Understanding Congenital Heart Disease | RAH Research Fund
News 9 May 2016

Understanding Congenital Heart Disease

Kick starting her three year post-doctoral Mary Overton Early Career Fellowship from the RAH Research Fund, Dr Sophie Wiszniak wants to provide a better understanding of a disease affecting one per cent of Australians at birth.

Dr Wiszniak is investigating the origins of Congenital Heart Disease (CHD), a problem in the structure of the heart present at birth, arising from a problem with embryo development. This is usually caused by a genetic defect of a mutation in a gene.

“In my research I am looking at the normal processes of heart development to understand what goes wrong to give rise to a heart defect,” Dr Wiszniak said.

“In addition to affecting one percent of all births, CHD is also responsible for 20 per cent of miscarriages; it is quite a prevalent disorder. That’s why it’s so important for us to work out what is going wrong and why.”

To gain an understanding of the heart’s development Dr Wiszniak’s research is centred on analysing neural crest cells, a group of cells that play a large role in a baby’s development in the womb.

“The focus of my lab is on these neural crest cells which are present in the embryo and differentiate into lots of different cell types within the body to give rise to different organs,” Sophie said.

“The neural crest cells come from the neural tube which is the precursor to the spinal cord and the brain. During development these cells migrate through the body turning into different cells, including those in the heart.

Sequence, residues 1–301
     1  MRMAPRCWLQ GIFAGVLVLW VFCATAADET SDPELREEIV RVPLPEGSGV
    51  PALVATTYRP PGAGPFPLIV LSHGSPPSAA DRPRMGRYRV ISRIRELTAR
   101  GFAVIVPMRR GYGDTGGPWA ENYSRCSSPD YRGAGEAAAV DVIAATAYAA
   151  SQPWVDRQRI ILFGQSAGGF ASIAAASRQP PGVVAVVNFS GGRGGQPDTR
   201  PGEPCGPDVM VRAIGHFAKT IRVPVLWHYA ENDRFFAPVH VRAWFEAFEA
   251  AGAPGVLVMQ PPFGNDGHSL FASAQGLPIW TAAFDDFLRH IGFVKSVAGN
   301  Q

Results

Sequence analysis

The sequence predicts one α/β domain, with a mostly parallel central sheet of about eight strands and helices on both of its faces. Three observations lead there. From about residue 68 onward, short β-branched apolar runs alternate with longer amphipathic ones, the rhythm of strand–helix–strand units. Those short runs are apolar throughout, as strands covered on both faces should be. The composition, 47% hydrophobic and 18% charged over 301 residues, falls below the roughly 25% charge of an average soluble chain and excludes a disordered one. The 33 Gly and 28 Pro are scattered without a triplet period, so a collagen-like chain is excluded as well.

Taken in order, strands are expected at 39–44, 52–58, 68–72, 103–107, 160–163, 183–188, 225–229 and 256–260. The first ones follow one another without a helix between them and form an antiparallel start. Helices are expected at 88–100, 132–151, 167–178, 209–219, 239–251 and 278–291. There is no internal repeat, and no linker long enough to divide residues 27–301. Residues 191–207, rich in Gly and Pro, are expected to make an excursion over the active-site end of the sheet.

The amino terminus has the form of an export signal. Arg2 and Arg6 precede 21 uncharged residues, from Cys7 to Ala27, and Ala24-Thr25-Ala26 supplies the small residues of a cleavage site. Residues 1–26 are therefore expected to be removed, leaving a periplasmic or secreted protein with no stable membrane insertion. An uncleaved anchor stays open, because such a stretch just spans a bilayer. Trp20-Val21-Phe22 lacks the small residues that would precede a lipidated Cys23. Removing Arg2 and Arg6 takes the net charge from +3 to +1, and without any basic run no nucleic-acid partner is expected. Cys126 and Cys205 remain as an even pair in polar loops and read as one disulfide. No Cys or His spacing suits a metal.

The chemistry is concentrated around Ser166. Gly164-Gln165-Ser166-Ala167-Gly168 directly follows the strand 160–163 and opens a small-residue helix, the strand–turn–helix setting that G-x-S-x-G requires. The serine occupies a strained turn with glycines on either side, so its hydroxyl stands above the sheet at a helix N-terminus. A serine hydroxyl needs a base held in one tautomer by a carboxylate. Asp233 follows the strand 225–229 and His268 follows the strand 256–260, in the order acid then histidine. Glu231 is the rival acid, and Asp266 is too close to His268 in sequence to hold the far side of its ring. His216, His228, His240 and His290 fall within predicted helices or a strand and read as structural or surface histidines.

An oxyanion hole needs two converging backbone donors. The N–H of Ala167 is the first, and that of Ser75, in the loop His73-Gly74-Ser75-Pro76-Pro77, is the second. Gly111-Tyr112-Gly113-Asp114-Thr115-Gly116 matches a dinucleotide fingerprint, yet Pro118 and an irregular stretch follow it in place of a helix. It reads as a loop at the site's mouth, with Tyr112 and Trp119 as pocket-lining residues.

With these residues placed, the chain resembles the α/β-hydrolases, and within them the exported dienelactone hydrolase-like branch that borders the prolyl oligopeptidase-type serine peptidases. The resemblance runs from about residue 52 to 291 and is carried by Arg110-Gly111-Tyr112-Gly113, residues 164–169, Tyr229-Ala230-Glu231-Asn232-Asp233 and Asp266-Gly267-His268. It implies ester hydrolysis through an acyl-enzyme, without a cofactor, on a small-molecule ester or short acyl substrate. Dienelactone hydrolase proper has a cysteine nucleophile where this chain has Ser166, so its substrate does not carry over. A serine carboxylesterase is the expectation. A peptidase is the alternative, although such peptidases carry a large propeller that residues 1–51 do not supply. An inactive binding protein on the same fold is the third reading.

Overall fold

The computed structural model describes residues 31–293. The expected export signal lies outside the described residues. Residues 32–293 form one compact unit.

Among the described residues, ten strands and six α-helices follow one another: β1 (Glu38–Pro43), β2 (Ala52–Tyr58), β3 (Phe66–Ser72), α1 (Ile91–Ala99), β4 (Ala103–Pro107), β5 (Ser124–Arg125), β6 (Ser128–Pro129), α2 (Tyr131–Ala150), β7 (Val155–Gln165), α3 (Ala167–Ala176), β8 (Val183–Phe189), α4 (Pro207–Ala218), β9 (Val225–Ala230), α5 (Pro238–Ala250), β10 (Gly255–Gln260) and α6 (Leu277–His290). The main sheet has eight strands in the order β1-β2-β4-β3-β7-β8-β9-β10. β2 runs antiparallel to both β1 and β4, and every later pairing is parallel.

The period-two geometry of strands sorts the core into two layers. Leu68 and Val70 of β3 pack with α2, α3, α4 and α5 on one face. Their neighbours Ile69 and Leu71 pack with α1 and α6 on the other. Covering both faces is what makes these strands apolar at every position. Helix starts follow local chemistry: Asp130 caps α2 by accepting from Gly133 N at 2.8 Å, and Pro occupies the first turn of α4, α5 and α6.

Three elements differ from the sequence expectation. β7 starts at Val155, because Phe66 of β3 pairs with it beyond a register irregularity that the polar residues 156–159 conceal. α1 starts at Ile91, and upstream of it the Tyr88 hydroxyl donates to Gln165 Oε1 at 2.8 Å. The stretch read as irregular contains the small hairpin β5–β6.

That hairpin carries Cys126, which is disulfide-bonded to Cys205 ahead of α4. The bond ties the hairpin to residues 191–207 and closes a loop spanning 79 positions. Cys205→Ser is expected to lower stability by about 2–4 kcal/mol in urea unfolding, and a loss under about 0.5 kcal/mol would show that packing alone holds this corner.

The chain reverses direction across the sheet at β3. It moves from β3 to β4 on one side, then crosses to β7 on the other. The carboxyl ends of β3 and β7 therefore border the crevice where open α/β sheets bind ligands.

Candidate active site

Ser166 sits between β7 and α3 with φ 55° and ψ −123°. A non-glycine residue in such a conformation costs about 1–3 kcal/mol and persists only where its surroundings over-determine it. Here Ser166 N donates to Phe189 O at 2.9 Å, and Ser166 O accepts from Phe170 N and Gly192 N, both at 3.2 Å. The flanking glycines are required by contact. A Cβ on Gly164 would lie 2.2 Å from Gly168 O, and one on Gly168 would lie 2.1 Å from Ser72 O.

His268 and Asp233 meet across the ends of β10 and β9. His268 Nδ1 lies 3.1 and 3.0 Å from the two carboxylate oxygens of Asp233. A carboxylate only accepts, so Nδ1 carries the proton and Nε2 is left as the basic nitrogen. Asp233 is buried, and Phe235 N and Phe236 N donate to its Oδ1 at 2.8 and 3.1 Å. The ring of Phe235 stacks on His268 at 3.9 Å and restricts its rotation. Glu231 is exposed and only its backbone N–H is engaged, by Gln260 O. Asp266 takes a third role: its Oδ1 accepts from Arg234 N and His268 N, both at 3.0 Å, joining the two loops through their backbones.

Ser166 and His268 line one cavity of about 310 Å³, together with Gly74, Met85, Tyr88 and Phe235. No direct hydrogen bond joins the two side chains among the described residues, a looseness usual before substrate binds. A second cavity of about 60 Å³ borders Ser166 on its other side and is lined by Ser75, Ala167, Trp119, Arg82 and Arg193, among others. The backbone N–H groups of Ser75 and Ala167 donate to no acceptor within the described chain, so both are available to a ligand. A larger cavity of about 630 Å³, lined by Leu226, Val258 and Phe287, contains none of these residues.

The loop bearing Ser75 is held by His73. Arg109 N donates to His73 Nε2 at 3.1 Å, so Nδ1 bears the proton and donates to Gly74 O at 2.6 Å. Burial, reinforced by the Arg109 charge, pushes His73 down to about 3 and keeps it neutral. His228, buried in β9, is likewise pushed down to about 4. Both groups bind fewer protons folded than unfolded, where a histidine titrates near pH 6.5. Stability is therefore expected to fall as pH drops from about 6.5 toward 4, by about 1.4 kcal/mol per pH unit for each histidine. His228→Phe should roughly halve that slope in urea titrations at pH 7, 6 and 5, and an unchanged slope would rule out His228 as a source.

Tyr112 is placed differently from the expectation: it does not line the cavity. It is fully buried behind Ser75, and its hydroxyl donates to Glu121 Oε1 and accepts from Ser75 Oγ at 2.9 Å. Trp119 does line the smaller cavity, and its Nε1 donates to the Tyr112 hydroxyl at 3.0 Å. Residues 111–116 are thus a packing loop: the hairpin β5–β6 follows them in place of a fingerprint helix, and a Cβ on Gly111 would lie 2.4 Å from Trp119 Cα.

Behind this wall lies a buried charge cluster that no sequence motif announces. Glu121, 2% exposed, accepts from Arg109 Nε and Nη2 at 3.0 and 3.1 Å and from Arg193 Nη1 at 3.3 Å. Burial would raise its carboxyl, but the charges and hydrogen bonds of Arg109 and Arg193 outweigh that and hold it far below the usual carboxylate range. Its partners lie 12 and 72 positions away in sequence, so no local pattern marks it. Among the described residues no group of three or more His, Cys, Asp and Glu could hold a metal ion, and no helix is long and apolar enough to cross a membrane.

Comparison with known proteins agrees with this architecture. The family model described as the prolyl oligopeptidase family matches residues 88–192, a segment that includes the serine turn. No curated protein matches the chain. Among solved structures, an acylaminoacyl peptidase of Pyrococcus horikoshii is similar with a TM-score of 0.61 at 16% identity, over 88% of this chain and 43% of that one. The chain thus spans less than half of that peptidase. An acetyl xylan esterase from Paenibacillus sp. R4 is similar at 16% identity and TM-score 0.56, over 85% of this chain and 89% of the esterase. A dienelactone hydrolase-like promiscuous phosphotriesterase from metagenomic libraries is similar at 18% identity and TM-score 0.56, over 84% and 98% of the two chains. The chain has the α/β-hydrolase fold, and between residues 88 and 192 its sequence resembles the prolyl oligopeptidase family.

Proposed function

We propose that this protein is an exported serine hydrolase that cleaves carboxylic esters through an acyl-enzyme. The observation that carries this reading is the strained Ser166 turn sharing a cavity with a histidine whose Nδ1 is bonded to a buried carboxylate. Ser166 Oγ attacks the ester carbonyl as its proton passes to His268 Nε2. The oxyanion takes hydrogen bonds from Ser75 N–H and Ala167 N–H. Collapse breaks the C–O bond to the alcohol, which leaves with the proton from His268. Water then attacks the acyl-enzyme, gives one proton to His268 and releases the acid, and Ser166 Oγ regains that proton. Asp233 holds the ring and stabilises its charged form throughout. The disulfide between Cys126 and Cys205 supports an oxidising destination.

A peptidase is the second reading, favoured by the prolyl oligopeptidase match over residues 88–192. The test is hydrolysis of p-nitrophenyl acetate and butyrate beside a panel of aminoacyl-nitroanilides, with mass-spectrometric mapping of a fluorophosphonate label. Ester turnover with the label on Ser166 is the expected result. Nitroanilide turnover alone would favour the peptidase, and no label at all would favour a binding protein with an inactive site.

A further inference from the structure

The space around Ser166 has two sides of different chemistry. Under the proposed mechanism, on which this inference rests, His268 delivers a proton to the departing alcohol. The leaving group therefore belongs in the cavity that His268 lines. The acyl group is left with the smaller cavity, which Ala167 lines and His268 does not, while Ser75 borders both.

“I’m looking to see if there are issues with how the normal neural crest cells migrate, develop and interact with other cells in the heart leading to a defect.”

In the early stages of her research, Dr Wiszniak has begun analysing and identifying certain genes within the neural crest cells that may be playing a role in disrupting the function of the cells, resulting in a heart defect.

“We are now underpinning the important genes in the neural crest cells that are causing the heart to have a defect. Based on these findings we can then look at other pathways and interactions of those genes that may be inhibiting the neural crest cells from functioning properly.”

With a lot of work still to come, Dr Wiszniak is hopeful her research will help better inform patients on why they have CHD and what their chances are of passing the disease onto their children.

“If we can identify new genes that are important and find people that do have mutations in certain genes, doctors may be able to inform these people on the likelihood of passing these defects onto their children.

“We are never going to be able to cure CHD without an understanding of how the defect arises in the first place.”

Finding her niche research area, Dr Wiszniak is eager to see where the next three years and beyond take her.

“It is fascinating that these cells can be involved in so many aspects of how a baby develops. There is so much more to know in this area of research – I am looking forward to the next three years!”

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